Tuesday, June 21, 2016

How do you do Ministry in The Hood?

When a man stopped by the house to sell some basic, but obscure items, we wanted to help. He wasn't selling drugs or bootleg dvd's, but it wasn't expected either. When moving into a new neighborhood, you need to form alliances right away, without inviting the wrong people into your life. You want to be sure that the locals will keep an eye out for you, and even protect you if they see someone trying to take advantage of you. It's a very tricky thing, trying to be friendly at a distance because you don't know if you can trust someone.

So my friend spent money that he didn't really have trying to build and strengthen that First Alliance. It wasn't the best move that we could have done, but it wasn't the worst either. It's very difficult to invest into a community when you have very little to invest, and all we can do is hope that that little bit will pay off in the end.

Paul says that one of the qualities of leadership in the church is to be hospitable. Again, this is really difficult to do when you don't know if you can trust people. It's easy to want to take everything you read in the Bible at face value with all simplicity. But when it cuts so close to home, or rather is placed within your home, it's really easy to get kind of sketchy and downright fearful.

Tonight, Im trying to stay the night in some unknown part of Muskegon Heights this evening, I found myself looking out the windows frequently. Not even really sure what I would do if someone were to approach the house. I guess appearing out of the blinds in the middle of the night with a baseball bat gave me some false sense of security, so I could at least sleep a little better tonight. The reality is that God is my true security. But it seems like I'm lacking in that realization more often than not.

It's easy for me to trust God that he will protect me when I'm driving on the highway. But when I hear a loud Bass in a passing car, or gunshots down the street, my mind does a lot more than wander. To be honest, I've lived in the hood my whole life, and yet I was never taught how to live in the hood. it's something that you just get thrown into, most times unintentionally. it seems that all I really wanted to do was Escape, only to find out that I don't make nearly enough money to live in those nice neighborhoods.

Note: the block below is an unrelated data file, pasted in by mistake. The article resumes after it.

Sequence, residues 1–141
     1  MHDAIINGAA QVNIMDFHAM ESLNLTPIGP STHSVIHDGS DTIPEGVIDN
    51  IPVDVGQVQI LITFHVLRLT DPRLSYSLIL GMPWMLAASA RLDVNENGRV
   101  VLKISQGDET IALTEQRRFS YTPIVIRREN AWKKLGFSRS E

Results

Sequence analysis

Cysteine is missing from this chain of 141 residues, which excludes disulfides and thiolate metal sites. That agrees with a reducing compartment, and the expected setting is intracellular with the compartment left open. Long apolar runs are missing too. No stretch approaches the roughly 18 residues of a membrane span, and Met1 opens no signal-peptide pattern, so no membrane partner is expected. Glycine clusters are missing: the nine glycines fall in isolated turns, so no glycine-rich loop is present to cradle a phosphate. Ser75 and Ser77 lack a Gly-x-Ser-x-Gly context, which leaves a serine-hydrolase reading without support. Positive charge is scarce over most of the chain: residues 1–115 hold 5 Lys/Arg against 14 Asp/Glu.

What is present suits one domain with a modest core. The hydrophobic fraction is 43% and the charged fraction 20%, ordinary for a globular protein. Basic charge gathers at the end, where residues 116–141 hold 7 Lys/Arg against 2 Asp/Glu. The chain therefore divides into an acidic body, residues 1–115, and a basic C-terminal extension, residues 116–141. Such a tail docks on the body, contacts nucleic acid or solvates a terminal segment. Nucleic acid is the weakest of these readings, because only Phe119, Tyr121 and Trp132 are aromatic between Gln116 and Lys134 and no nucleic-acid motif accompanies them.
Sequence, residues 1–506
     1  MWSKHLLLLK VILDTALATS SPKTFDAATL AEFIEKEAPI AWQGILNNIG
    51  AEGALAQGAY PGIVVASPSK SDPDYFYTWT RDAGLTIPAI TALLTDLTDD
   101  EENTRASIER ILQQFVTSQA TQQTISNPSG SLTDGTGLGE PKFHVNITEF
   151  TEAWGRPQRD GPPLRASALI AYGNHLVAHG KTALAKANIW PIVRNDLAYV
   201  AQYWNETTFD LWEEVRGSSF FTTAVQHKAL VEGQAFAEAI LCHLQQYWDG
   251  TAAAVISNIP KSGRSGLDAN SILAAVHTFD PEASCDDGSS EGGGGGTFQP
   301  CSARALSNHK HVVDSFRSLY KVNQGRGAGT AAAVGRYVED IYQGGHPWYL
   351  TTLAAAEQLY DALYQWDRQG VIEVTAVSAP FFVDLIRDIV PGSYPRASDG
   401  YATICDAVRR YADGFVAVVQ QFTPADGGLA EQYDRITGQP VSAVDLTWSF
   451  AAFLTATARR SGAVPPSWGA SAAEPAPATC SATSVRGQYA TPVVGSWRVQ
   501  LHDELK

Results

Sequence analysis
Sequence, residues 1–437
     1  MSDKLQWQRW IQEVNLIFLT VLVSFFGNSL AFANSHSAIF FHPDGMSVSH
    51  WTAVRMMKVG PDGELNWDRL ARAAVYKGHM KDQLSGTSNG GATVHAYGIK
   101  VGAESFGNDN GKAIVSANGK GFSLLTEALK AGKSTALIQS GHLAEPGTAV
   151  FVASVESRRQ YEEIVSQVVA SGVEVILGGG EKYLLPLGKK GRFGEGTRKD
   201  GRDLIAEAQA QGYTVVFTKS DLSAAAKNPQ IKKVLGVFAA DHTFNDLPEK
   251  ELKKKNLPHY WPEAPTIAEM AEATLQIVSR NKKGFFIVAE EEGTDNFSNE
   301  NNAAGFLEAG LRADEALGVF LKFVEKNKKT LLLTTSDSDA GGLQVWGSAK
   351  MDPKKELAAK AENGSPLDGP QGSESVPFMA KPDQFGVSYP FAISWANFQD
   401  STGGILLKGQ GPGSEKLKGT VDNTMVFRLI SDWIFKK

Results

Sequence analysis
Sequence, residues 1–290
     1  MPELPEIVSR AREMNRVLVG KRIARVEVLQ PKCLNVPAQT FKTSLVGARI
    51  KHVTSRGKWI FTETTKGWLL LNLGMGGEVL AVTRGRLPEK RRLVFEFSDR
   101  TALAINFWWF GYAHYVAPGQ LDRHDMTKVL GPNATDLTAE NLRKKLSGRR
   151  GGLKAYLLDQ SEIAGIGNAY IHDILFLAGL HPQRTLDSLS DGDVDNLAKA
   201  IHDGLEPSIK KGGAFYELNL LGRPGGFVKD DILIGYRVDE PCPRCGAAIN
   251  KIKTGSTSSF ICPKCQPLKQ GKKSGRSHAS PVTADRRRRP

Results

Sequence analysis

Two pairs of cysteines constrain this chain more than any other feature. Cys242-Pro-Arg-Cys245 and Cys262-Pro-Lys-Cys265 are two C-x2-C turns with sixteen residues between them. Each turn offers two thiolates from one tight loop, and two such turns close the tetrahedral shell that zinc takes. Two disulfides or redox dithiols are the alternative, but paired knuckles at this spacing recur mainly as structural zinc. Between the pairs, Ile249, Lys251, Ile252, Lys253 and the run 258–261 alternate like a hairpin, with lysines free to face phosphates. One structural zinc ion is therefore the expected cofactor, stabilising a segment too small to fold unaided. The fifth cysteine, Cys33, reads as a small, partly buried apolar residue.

I found myself equally discomforted when we showed up to work and a condo neighborhood. For the next few weeks, will be doing some power washing and painting and basic maintenance on houses that are basically worth more than my entire life. These are realtors and doctors and lawyers and ex-federal officers with $30,000 chandeliers imported from Italy. You know, the kind of stuff I know nothing about. And it's weird, because I'm very uncomfortable there as well, but in a different way.

You see, in these nice neighborhoods, I'm a little bit fearful that someone's going to point me out of place. That I don't belong there. Because it's happened before. I remember working in some small town new the country, and having someone tell me that I needed to go back to Saginaw. Class and racial profiling can be some of the most hurtful experiences in one's life. But on the other hand, living in the hood, or just being in the hood, can be and even more threatening experience on the wrong day.

I guess in both scenarios, if the Neighbors Know Who You Are, and think at least fairly highly of you, then walking down the street in our neighborhood can just be a really nice experience. Even with the loud music, or old people sitting on their porches, it's just another walk in the neighborhood. but when you're the new guy on the Block, it seems like you being introduced to the Jungle. everybody's looking at you trying to find out whether or not you can be taken advantage of, or at least that's how it feels.